The other morning, I was driving my daughter Maisy to school when she asked me “if you had a dollar for every time you overthought things, how rich would you be?” I laughed in recognition of the fact that in the economy of overthinkers, I would be a wealthy man indeed.
A bit later in the car ride, she noticed me staring off into space and said “now you’re overthinking how much you overthink things.” Once again, she had me dead to rights.
Fortunately, I know enough not to deliberately think about how not to think so much, so after dropping her off I let my mind wander. Eventually, it settled onto a book I’d read many years ago, when I was first beginning to explore the relationship between personal success and our impersonal spiritual nature.
The book was called “The Highest Goal”, and was based on the Stanford creativity course taught by Professor Michael Ray.
Here’s how he wrote about it:
“The highest goal is simply to be in this experience of connection or truth (no matter how you refer to it) all the time. That remains a goal, of course, because this is something you spend a lifetime working toward rather than attaining. But your commitment motivates, inspires and guides your journey, and gives you more and more time in this state of connection…
It is the experience you have when you first fall in love. Problems at work don’t seem to be such problems anymore. You can handle them. You can work productively with people you may have considered enemies. You see their goodness underneath the tough exterior. You’re in love. Everything looks, feels, is different.
This kind of resonance is catalytic. Similar to a chemical catalyst, which causes reactions without being diminished, it is endlessly generative. Once you realize that it has been there for you a number of times in your life, you begin to see the enormity of it. You see that you are operating in a world in which you can draw on grace. Once you see that possibility, you can begin to act with intention relative to the highest goal and better align your efforts with this generative process.”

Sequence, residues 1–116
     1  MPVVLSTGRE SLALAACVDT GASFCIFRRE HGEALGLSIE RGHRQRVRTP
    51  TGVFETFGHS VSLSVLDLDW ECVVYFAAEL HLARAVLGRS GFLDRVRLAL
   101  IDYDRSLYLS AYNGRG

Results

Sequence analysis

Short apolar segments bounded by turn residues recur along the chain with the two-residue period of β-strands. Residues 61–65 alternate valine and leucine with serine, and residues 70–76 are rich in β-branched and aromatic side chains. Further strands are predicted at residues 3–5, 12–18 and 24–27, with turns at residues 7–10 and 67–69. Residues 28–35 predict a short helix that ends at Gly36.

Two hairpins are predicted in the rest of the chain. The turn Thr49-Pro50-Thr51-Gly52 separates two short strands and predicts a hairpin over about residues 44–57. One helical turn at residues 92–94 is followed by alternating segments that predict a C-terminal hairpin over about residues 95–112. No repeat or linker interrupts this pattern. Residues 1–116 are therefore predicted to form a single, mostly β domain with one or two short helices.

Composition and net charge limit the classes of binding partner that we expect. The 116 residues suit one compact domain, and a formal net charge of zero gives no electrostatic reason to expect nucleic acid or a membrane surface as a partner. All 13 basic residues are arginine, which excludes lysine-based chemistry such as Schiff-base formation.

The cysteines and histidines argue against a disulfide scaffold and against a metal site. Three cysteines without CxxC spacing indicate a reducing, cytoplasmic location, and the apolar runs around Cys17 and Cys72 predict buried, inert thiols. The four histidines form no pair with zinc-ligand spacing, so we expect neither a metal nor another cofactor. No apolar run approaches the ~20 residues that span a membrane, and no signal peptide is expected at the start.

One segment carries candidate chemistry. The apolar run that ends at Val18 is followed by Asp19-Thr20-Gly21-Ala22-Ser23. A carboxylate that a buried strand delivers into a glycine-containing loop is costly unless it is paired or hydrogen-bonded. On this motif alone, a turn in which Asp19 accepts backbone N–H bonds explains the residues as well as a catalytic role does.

This speaks to the essence of the work we do as transformative coaches. We point people towards a deeper part of themselves – an infinite creative potential that flows through us allowing us to bring fresh eyes to any challenge we might be facing and any project we want to bring to fruition.
At first, people tend to experience the invisible spiritual energy bubbling up inside them as a resource – a spark inside that comes with a feeling of aliveness and brings creative ideas to life. They “awaken the giant within” and practice living their lives with “unlimited power”.
But over time, we discover the true joy in life. We recognize the energy as source and ourselves as the ultimate resource – a vehicle “to be used”, in the words of the playwright George Bernard Shaw, “for a purpose recognized by ourselves as a mighty one”. Or as the choreographer Twyla Tharp said, “I work for God. Me and God.”
This is my highest goal. To be a more perfect expression of the divine. To work in harmony with the highest and best I have inside me and live in and from the higher mind. To bask in the glow of spirit and act as a beacon of light in the world.
And in all honesty, I’m terrible at it. As Maisy knows, I overthink pretty much everything. I try too hard. I get discouraged and downhearted. But then I find my feet again. Something new comes to mind and I remember that something new always comes to mind – it’s built in to the system. I feel hope. I have fun. I move forward. I create.
The simplest expression I have found for my own highest goal is “Self-intimacy”. I love the feeling of being connected up with the capital “S” Self – our true identity – the “I” that is “we”. And I have found over time that I do my best work and have the biggest impact in the world when I come from that space within.
What’s your highest goal?
Please share your thoughts and reflections in the comments section below…
With all my love,
Some more Caffeine for the Soul
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Today, I want to share a third thing that I have come to see over a nearly 30 year career as a teacher and coach. It impacts how I do everything I do with students and clients, and is perhaps best summed up in this story I first heard in a dialogue between Anthony de Mello, an enlightened Jesuit priest, and one of his students….read more
In part one, I shared a simple truth about human beings that flies in the face of a lot of self-help ideologies and neo-cognitive therapies:
We aren’t in control of our thoughts and feelings. Today, I want to point to what may seem an even odder piece of good news…